In part one, we talked about how volunteers come with a story. This story shapes their expectations more than they realize. To pastor volunteers begins with managing expectations and helping future volunteers see the beauty as well as the difficulties they may unwittingly bring to a team.
Our next step is to clearly name how the consumer inside each one of us can damage our view regarding how to use our gifts and why we use them. Let’s take a look.
“Getting what I want, how I want it and when I want it so that I can constantly present an image of my best self to the world” can infect our view of what it means for us to use our gifts in a church and devastate the Jesus centered purpose and relational dynamics of a ministry team.
What is a consumer? a person who purchases goods and services for personal use
At its worst, how does being a consumer damage using our gifts in Church?
- It labels us customers
- It purposes church for our personal agenda, individual preferences and private use
- Without thinking about it, a church volunteer becomes a person who provides goods and services that will keep our tithing customers happy by never making them go without their personal preferences being met.
What pressure can this place on you as a volunteer on a ministry team?
Since companies with customers must find the most efficient or strategic ways to produce excellent products in large quantities as fast as possible in order to keep the preferences and tastes of our customers satisfied, As a ministry volunteer, I can take on these values and feel these pressures to never let anyone down according to their definitions of being let down.
The result? A volunteer has to deal with demanding statements like these, as if the church is a restaurant for our order, rather than a family that we belong to and join in with.
- I’m taking my children out of your volunteer ministry until you fix what is broken about the efficiency of the program.
- I can’t believe the powerpoint presentation went awry. This is unprofessional and lacks excellence. I won’t visit your church again.
- I want a house group that meets on Tuesday nights after 7:30pm in my local neighborhood. When can you make that happen?
The hidden consumer inside of us invites us to write email’s like this one:
Dear Ministry Leader, I am interested in attending your church this week for the first time. I know its Monday already, but I‘d appreciate it if we can meet this week to talk about your vision and mission. Let me know a good time for you. I’d also like to know this week how I can be a part of serving the church in general and your ministry in particular. I have lots of experience and would like to get plugged in right away to help.
This email is kind and tame. Compared to many others it is a blessing! But notice that these dear folks have never visited the church and yet they assume that the ministry leader can meet with them immediately. They also assume that your ministry agenda is about the church’s mission and vision rather than our personal stories as human beings and our history as a church. So, without realizing it, they just assume that they don’t have to know you and you don’t have to know them in order for them to immediately help you in your ministry as a fellow leader and server.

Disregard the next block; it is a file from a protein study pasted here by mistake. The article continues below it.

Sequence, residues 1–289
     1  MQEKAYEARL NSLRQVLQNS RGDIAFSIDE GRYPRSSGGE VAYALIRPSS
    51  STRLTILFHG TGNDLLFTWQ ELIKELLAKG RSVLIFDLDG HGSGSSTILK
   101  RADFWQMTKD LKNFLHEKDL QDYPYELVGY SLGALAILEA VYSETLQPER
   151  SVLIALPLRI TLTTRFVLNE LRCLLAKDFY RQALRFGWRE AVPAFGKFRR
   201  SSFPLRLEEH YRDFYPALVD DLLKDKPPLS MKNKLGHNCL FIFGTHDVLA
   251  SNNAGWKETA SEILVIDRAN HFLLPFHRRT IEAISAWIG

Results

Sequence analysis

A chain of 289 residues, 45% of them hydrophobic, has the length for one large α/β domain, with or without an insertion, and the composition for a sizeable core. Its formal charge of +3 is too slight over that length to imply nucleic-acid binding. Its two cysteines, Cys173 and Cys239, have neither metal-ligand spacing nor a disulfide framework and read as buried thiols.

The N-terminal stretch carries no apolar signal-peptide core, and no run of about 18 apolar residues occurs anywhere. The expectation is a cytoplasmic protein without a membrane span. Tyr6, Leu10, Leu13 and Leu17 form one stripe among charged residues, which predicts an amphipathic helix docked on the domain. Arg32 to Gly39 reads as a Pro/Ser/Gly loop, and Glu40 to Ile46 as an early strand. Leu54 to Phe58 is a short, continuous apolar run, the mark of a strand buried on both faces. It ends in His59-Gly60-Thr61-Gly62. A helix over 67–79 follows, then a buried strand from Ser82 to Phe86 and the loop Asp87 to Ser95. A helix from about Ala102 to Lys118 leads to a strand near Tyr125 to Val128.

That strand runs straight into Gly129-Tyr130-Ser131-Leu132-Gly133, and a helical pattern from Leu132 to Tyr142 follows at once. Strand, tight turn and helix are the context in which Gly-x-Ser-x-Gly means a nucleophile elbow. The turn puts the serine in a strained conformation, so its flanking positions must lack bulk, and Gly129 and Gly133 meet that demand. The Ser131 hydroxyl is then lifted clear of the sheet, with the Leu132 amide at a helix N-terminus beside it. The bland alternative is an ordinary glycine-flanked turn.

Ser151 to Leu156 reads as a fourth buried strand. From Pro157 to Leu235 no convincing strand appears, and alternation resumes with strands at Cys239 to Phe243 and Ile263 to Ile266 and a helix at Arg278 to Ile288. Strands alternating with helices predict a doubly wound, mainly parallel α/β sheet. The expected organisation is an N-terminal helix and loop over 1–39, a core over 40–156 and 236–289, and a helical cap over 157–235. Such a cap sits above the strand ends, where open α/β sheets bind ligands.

None of this is wrong in itself. But by itself it reveals the goods and services mentality that a lot of us are blind to. In the past I would have rearranged my entire schedule if need be to meet with these folks. Or I would have put immediate pressure on our volunteer teams to act. But not anymore.
Now, with such a note we can (1) respond the next day by email, (2) Name our values: We are tempted to do large things famously and fast but at this church we are vigorously pursing what it means to do small mostly overlooked things over a long period of time. (3) We can offer a way for conversation even though it is too late in the week and my personal schedule as a leader is already booked. For example, we can mention two volunteer leaders of our hospitality ministry who’d love to answer questions they might have, (4) We can suggest that our administrator will contact them to set up a time for us to meet and that meanwhile (5) We look forward to meeting them on Sunday.
Volunteer leaders and teams need us pastors to defend them and equip them to gently but wisely navigate the consumer pressures of large, immediate, efficient and famous, that people place upon them. Particularly when those persons do not yet see the value of they themselves pitching in to lend a hand.
The Consumer Assumption lingers within the Volunteer too!
We help volunteers realize that they will be tempted to:
- Use their Team as their personal Therapist: looking for the team to heal you
- Use their Team as their personal Publicist: looking for the team to promote you,
- Use their Team as their personal Strategist: looking for the team to advance your agenda
- Use their Team as their personal Gossip Columnist: looking for the team to provide inside information
We then remind our Volunteers of our actual calling: For Jesus in His abundant grace and strength to transform us:
- From customers to family members in Christ
- From a mentality of personal-consumer-use of church to a life-together-out-of- neighbor-love mission in community
- From selling our church as an efficient producer of excellent goods and services which never requires discomfort toward one’s personal tastes, to volunteers who are knit-together in Jesus who are seeking Him with all of our doubts, cynicisms, wounds, joys, longings and hopes.
Then we repeat all of this over and again to ourselves–seeking Jesus’s grace to overcome the ruin that consumer assumptions bring to our use of gifts.